So, to him, the cell phone in rice trick has been validated. He called his phone ‘the electronic living dead.’ Until two weeks later.
His phone became sluggish and unresponsive. One evening, it finally stopped receiving any signal. “Searching…..” became permanently etched on the screen’s upper left corner. He brought it to the carrier to have it checked.
After inspecting the gadget for 45 minutes without getting any inkling of the problem, the staff suspiciously asked him: “Sir, did you get this phone wet?”
Does putting your phone in rice really work? Putting a wet phone in rice won’t work in drying the phone fully. It will remove about 13% of water, but the insides will still be wet. The myth persists because each time a phone falls into a pool, sink, or bathtub, the concept is transmitted anew.
Is There a Better Solution?
Yes, fortunately, there is. There is a company that offers emergency electronic device rescue services. Its name is TekDry, with Craig Beinecke as its co-founder. This company has developed a special machine that looks like a suitcase bomb.
It can draw liquid out of cell phones and other electronic devices by using low heat and negative pressure. When properly used, this machine will actively expel liquids out of a drenched phone in approximately 20 minutes.
TekDry has also tested the rice theory if there is any truth in it. Their test measurements found a slight water loss due to the evaporation if the waterlogged device was left to dry in an open room than enclosed in a rice container.
However, a certain company-sponsored this test to prove that the rice trick wrong.
How to Properly Dry Your Phone?
If you don’t have access to the TekDry machine, you can use the following steps to dry your wet phone and hopefully make it work again:
1. Get It Out of the Water Then Shut if Off
First, you need to get your phone out of the water and then turn it off. Shutting the power off will reduce the risk of short-circuiting the system.
2. Remove Every Accessory That You Can Remove
You should remove all your the phone’s accessories. These include the protective casing, the SIM and SD cards, the battery, and all components that you can safely remove. However, you should not remove components soldered to your phone.
3. Dry the Phone
Get some paper towel or a lint-free cloth towel and start drying your phone. Wipe off all the moisture that you possibly can. Dry the front and back of the phone.
Other tips when drying your phone:
- Don’t blow air into the phone because it will only push water deeper in it.
- Please don’t use a blow drier because it will heat your phone unnecessarily. The maximum heat the iPhones can withstand is about 113 °F (45 °C).
- Don’t put your phone inside a microwave.
4. Air-Dry Your Phone
Place your phone in a spot where there is good air circulation. Please don’t put it in a place where there is too much heat.
5. Don’t Use Your Phone for the Next Two Days
Allow your phone to rest for at least 48 hours. This should be enough time for the small amount of moisture still left in the nooks and crannies of your phone to evaporate.
6. Use 91% Isopropyl Alcohol
If you are a techie and are able to take apart the components of your phone, you can facilitate the drying by using Isopropyl Alcohol with 91% concentration. Clean every component of the cellphone that you can remove (and reinstall) with this substance.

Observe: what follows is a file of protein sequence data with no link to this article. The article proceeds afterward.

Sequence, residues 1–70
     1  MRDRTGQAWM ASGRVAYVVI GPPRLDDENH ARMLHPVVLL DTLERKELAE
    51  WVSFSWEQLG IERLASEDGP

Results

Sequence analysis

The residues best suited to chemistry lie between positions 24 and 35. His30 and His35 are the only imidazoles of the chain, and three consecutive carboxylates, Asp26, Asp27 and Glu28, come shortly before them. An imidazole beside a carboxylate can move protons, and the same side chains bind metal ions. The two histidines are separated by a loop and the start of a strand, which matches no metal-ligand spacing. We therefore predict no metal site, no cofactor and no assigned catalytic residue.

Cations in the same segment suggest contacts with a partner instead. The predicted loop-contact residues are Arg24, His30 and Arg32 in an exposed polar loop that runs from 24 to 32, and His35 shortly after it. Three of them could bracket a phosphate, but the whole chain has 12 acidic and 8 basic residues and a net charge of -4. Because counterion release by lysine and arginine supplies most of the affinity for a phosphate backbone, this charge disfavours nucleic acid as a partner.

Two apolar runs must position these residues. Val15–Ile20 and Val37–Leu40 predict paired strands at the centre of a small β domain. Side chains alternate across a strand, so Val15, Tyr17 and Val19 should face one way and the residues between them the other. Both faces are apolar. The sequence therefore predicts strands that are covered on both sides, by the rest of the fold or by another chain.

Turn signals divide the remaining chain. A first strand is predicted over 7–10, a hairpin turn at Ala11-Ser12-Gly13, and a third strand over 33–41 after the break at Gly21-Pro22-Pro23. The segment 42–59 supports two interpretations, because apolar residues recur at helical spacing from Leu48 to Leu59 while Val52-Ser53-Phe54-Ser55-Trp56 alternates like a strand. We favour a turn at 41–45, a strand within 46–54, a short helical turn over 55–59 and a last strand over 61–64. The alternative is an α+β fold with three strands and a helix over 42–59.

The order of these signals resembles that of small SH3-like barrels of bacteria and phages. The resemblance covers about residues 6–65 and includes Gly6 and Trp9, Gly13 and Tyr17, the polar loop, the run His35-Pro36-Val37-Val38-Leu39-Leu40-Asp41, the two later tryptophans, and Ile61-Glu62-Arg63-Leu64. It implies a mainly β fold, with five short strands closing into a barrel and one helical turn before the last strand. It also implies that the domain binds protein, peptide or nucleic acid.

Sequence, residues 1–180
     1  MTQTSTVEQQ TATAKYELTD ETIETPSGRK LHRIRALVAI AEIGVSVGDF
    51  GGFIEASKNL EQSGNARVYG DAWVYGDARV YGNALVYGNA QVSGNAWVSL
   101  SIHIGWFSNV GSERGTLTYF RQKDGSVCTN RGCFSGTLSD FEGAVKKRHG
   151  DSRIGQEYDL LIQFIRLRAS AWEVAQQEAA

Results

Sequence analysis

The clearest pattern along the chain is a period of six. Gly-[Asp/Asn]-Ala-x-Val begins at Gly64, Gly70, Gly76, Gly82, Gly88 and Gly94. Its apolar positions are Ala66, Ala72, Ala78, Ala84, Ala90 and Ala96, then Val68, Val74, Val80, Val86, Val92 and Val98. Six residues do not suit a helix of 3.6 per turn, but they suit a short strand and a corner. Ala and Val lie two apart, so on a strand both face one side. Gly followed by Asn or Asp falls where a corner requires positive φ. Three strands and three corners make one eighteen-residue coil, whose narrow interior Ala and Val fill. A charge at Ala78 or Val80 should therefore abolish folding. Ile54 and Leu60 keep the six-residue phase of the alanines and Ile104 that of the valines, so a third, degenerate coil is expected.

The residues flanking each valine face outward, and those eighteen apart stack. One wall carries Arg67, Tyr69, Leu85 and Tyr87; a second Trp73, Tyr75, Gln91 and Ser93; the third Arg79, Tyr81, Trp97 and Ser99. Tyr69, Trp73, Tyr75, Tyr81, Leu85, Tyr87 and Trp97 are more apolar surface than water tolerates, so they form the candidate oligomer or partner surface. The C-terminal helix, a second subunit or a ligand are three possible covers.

7. Try Turning It On and Watch What Happens
After giving it enough time to dry and rest, hit the power button of your phone. Hopefully, everything will go well and your phone will boot up. If not, call for the help of a professional phone technician.
Risks of Using Rice to Dry Your Phone
You can still try the drying phone in the rice trick if you want to. Perhaps it will dry your phone, or it may not. It really depends on how wet your phone and how long it has been submerged in water.
In any case, there are certain risks to using rice for drying it.
It might even harm your phone instead of doing it well. Uncooked rice contains dust and starch. These foreign substances can lodge inside the small nooks and crannies of your phone. They will be hard to remove and can adversely affect the performance of your phone.
After drying your phone with rice and it seems to function without any problem, you will be encouraged to use it as you normally do. You will not have the motivation to have a qualified phone technician to check it.
But if there are still some small amounts of moisture inside your phone, it will eventually affect your phone’s performance. This moisture will cause a short circuit in the phone’s system and may cause your phone to fail. It might not even be able to power up after some time.
Conclusion: Does Putting Your Phone in Rice Work?
Drying your phone in rice does not work. Unclean rice can even introduce starch and dust into your phone. An actual test showed that only 13% of the water was extracted from a wet phone after it was put in rice for about 48 hours.
Sadly, despite the evidence to the contrary, this rice myth continues today. This is because the rice can absorb water. This is the main contention of this myth. Since rice absorbs water, it must be able to draw out water inside a wet phone.
You now have the opportunity to stop this myth by not transmitting this idea to a family member or a friend who accidentally drops his phone on the sink or the pool.